The Latvian authorities are planning to refuse Russian gas supplies, said the head of the Ministry of Foreign Affairs of the republic, Edgar Rinkevich, in an interview with Al Jazeera TV channel.
“We plan to build gas supply stations and do without Russian gas,”— the minister said (quote from RIA Novosti).
The head of the Foreign Ministry also believes that the Latvian authorities are confident that NATO will support the Baltic countries in repelling “any threats.”
On March 31, Russian President Vladimir Putin signed a decree on gas payments with “unfriendly” countries in rubles. Starting April 1, companies from Western countries must open two accounts with Gazprombank: one in foreign currency and one in rubles. The payment for deliveries will first go to the currency account, after which the bank will sell the currency on the stock exchange, and the received rubles will be credited to the second account. Payment will be considered completed only from the moment the funds are credited to the ruble account.
At the same time, the Kremlin did not rule out that they could cancel the new payment scheme, “if other conditions come.” WEIGHT refused to make calculations according to this scheme.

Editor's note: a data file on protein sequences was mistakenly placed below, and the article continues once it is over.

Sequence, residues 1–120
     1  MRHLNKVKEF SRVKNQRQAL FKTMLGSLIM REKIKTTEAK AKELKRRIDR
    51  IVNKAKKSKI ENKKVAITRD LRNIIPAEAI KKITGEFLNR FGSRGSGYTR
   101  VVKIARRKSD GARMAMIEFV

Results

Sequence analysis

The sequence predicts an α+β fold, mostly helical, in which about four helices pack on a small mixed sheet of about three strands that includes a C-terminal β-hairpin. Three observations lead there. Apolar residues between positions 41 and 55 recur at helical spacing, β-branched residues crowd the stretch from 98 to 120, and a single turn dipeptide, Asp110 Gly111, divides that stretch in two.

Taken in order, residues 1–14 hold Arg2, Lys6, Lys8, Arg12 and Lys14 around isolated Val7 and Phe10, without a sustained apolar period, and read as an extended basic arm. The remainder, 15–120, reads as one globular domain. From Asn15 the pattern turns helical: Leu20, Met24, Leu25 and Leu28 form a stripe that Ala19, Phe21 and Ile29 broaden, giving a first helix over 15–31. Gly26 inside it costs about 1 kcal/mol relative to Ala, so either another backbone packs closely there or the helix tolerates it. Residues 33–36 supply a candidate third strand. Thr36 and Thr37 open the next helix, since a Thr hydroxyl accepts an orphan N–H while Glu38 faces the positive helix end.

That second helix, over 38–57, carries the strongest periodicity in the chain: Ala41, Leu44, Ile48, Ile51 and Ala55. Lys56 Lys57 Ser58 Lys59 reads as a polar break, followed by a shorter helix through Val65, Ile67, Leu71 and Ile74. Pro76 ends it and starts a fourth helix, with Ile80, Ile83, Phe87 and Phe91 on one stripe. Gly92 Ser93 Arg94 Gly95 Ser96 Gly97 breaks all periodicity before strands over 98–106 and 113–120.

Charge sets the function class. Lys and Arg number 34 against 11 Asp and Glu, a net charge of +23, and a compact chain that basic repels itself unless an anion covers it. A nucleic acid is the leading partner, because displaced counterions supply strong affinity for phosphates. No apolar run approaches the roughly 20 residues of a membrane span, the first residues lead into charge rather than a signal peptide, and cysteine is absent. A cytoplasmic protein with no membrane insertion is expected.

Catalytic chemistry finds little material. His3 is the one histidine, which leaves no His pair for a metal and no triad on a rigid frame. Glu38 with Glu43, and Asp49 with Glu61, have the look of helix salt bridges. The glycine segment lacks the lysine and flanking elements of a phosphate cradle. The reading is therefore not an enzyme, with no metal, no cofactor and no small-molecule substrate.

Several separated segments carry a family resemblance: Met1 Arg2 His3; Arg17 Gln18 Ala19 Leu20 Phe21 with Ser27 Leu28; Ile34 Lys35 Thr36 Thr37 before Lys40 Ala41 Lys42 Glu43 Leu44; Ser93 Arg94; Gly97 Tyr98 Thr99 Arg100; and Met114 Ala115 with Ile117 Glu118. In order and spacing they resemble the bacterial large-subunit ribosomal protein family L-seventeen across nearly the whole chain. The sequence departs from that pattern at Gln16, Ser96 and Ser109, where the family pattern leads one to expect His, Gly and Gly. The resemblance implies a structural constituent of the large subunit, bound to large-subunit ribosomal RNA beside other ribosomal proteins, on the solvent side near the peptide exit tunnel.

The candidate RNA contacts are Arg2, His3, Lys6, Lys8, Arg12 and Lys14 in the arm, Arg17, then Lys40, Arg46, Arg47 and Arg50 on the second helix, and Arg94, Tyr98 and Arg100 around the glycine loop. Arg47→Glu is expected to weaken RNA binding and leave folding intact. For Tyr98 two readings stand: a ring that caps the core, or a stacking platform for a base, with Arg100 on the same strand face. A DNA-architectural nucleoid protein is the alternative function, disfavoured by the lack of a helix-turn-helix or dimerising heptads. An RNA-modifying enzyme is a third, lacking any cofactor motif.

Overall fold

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After the decree of the Russian president, natural gas from Russia ceased to flow to Latvia, Lithuania and Estonia, Uldis Bariss, head of the operator of the Latvian gas transmission system Conexus Baltic Grid (Conexus), said.
Then he spoke that gas is supplied to Latvia by the Klaipeda liquefied natural gas terminal and the Incukalns underground th gas storage, and the last of them “has an unusual amount of gas for this period,” Bariss noted. Therefore, the country has no reason to worry about its energy security in the next few months, he believes.
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